- A. Balijepalli, S. Sinha, and Y. Cao, “Compact modeling of carbon nanotube transistor for early stage process-design exploration,” in Proceedings of the International Symposium on Low Power Electronics and Design (ISLPED '07), pp. 2–7, Portland, Ore, USA, August 2007.
- A. Rahman, J. Guo, S. Datta, and M. S. Lundstrom, “Theory of ballistic nanotransistors,” IEEE Transactions on Electron Devices, vol. 50, no. 9, pp. 1853–1864, 2003.
- T. H. Ng, B. H. Koh, W. K. Chim et al., “Zirconium dioxide as a gate dielectric in metal-insulator-silicon structures and current transport mechanisms,” in Proceedings of the IEEE International Conference on Semiconductor Electronics (ICSE '02), pp. 130–134, 2002.
- J. Xu, H. Li, W.-Y. Yin, J. Mao, and L.-W. Li, “Capacitance extraction of three-dimensional interconnects using element-by-element finite element method (EBE-FEM) and preconditioned conjugate gradient (PCG) technique,” IEICE Transactions on Electronics, vol. E90-C, no. 1, pp. 179–187, 2007.
- “Process Integration, Devices, & Structures Process Integration,” in International Technology Roadmap for Semiconductors (ITRS), 2005, http://www.itrs.net/links/2005itrs/Interconnect2005.pdf.
- M. Vujkovic, D. Wadkins, and C. Sechen, “Efficient post-layout power-delay curve generation,” in Integrated Circuit and System Design. Power and Timing ModelIng, Optimization and Simulation, V. Paliouras, J. Vounckx, and D. Verkest, Eds., vol. 3728, pp. 393–403, Springer, Berlin, Germany, 2005.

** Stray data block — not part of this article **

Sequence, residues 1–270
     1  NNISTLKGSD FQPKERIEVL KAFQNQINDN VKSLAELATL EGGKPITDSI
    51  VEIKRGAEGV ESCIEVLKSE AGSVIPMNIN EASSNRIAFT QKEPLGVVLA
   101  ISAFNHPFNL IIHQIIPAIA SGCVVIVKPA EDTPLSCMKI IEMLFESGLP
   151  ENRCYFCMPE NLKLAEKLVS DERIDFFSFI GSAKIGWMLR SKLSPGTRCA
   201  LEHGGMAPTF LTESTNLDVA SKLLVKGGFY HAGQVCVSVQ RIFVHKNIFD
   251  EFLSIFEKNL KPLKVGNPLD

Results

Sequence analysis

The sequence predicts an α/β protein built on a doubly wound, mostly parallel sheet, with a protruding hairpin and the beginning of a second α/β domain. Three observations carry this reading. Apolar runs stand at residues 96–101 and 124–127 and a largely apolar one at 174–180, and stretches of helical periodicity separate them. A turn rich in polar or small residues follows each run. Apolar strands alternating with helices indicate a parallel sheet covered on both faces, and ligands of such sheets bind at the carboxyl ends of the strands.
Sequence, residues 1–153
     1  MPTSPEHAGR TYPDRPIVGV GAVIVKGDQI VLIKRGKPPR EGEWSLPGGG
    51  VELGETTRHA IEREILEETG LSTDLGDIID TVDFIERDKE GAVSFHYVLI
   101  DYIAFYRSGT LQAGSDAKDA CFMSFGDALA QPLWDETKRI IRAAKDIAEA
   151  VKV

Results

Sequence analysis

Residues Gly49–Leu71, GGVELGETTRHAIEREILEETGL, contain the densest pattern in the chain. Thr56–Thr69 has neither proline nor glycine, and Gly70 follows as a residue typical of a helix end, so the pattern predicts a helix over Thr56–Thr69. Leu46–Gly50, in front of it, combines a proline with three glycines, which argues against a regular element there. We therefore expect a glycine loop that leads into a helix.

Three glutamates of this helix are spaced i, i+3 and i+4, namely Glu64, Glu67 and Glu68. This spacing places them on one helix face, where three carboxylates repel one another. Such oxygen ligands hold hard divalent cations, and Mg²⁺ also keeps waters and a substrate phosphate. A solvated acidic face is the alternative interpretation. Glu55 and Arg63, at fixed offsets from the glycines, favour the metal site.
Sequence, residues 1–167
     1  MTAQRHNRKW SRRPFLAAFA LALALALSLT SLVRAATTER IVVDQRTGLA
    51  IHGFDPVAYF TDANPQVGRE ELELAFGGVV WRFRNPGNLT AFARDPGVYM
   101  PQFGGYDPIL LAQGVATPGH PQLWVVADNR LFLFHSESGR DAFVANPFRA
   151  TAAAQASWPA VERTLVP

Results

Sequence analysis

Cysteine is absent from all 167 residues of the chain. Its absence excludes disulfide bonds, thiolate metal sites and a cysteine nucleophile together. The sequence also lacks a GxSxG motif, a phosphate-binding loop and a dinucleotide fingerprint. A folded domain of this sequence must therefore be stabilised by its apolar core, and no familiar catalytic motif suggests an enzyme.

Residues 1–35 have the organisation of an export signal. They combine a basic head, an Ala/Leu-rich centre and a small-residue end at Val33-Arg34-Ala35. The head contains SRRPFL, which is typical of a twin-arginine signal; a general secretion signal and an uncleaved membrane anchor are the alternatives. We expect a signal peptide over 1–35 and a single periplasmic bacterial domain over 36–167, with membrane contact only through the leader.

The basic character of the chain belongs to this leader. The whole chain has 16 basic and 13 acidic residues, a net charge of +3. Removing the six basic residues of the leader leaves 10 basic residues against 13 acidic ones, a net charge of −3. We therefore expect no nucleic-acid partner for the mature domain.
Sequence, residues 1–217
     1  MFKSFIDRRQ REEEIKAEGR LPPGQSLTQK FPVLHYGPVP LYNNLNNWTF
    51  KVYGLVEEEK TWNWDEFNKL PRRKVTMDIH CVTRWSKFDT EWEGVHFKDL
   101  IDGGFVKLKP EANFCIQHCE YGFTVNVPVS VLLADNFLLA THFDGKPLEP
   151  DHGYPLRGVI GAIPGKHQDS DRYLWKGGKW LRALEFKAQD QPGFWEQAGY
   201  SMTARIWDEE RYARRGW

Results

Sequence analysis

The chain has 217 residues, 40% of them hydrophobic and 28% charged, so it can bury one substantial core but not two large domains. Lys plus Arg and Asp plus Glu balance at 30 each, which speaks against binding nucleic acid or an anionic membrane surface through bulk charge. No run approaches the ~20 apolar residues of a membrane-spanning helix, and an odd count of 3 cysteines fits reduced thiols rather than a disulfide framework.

- J. Guo, S. Hasan, A. Javey, G. Bosman, and M. Lundstrom, “Assessment of high-frequency performance potential of carbon nanotube transistors,” IEEE Transactions on Nanotechnology, vol. 4, no. 6, pp. 715–721, 2005.
- Y. Yoon, Y. Ouyang, and J. Guo, “Effect of phonon scattering on intrinsic delay and cutoff frequency of carbon nanotube FETs,” IEEE Transactions on Electron Devices, vol. 53, no. 10, pp. 2467–2470, 2006.
- Y. Wu, K. A. Jenkins, A. Valdes-Garcia et al., “State-of-the-art graphene high-frequency electronics,” Nano Letters, vol. 12, pp. 3062–3067, 2012.
- V. K. Arora and A. Bhattacharyya, “Cohesive band structure of carbon nanotubes for applications in quantum transport,” Nanoscale, vol. 5, pp. 10927–10935, 2013.
- V. K. Arora and A. Bhattacharyya, “Equilibrium and nonequilibrium carrier statistics in carbon nano-allotropes,” in Physics of Semiconductor Devices, V. K. Jain and A. Verma, Eds., pp. 511–516, Springer, 2014.
- D. R. Greenberg and J. A. del Alamo, “Velocity saturation in the extrinsic device: a fundamental limit in HFET's,” IEEE Transactions on Electron Devices, vol. 41, no. 8, pp. 1334–1339, 1994.
- M. L. P. Tan, T. Saxena, and V. K. Arora, “Resistance blow-up effect in micro-circuit engineering,” Solid-State Electronics, vol. 54, no. 12, pp. 1617–1624, 2010.
- M. L. P. Tan, I. Saad, R. Ismail, and V. K. Arora, “Enhancement of nano-RC switching delay due to the resistance blow-up in InGaAs,” Nano, vol. 2, pp. 233–237, 2007.
Copyright © 2014 Huei Chaeng Chin et al. This is an open access article distributed under the Creative Commons Attribution License, which permits unrestricted use, distribution, and reproduction in any medium, provided the original work is properly cited.